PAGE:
Truth be told, I’m tired so I couldn’t think up anything wittier to title this post. Daylight Savings can bite me.
In any case, since I’m just getting off the ground with this new blog and a new book which (if all the stars align) should see publication sometime later in the year, I figured it would be worth spending some time explaining a bit. My name is Jason Maldonado. I’ve worked in Industrial Safety for the past 15 years. Before that, as you may have gathered from my first post IT’S A GIANT SLINGSHOT, SIR!, I served in the United States Air Force.
The reason I mention that is not simply to identify as a Veteran or get likes. It’s because that period of my life taught me the majority of the best lessons in leadership that I’ve had the pleasure to learn. In actually some of the best examples of great safety performance were demonstrated during my time in the military as well. Sadly, when I transitioned to civilian life, I walked into a world of regulation, interpretation, numbers games, politics, and gray areas. The difference between safety performance in the military vs. safety performance where I work now was incredibly simple, yet deeply profound: we were safe when we served because we had to be to live. That statement holds just as true in civilian industry, but our people just don’t believe it.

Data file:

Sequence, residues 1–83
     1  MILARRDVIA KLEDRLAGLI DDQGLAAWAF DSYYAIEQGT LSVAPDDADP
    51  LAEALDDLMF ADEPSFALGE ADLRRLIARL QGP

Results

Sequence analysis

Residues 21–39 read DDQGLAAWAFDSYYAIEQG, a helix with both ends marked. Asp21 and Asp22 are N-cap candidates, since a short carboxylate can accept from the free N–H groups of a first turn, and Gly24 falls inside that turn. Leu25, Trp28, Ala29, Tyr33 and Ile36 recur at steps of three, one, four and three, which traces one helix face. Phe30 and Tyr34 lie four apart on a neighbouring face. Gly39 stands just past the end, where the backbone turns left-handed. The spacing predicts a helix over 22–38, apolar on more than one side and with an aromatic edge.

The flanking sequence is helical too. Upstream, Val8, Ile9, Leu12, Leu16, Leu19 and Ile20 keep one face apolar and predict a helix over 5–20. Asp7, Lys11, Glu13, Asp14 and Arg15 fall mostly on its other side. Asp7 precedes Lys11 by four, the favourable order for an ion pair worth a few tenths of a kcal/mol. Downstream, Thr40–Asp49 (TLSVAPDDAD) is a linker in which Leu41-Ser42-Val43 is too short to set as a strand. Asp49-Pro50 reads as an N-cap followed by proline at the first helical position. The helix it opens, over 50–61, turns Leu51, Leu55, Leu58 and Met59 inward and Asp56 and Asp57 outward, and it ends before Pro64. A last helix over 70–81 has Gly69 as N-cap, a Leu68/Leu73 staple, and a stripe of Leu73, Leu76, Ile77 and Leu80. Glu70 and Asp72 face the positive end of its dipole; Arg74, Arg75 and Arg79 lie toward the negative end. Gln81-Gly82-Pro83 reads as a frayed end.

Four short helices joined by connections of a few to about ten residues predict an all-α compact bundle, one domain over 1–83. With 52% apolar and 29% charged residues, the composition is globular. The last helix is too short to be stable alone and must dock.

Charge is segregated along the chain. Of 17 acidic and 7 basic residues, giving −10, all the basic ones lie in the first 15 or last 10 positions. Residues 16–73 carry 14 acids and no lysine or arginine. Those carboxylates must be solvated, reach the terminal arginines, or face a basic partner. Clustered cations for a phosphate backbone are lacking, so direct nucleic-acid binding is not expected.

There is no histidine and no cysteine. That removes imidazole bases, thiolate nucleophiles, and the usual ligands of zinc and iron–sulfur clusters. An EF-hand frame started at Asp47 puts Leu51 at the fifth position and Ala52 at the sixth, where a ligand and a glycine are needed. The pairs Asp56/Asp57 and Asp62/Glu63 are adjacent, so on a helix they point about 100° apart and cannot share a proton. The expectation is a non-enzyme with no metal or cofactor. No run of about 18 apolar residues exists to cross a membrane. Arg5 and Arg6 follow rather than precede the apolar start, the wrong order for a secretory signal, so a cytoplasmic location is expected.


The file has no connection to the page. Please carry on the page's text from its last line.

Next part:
I’m not going to throw shade on every man and woman out there trying to make a difference in the lives of the workers, I have seen and worked with some truly amazing safety practitioners throughout the years. But even the best of us send the wrong message more than we should. We are on a tightrope with a balancing pole that caries mandated regulations on one side and meaningful work on the other. For too long the safety profession has tried to sell OSHA to the people when we should have been finding ways to comply while creating momentum and excitement for why and how the job gets done. We should have been building safety in, not making it a checklist to mark off during a pre-shift. What we’ve been left with is “Safety” as an extra, burdensome, bureaucratic thing that gets in the way.
So that’s what this blog is about: Challenging the status-quo state of our profession. I know there are many out there seeking and even achieving greatness beyond the bureaucracy, so I’m not alone in this. It’s time for safety as a function to get better, relentlessly.
If you liked this post check out THIS ARTICLE by the always engaging Phil La Duke.
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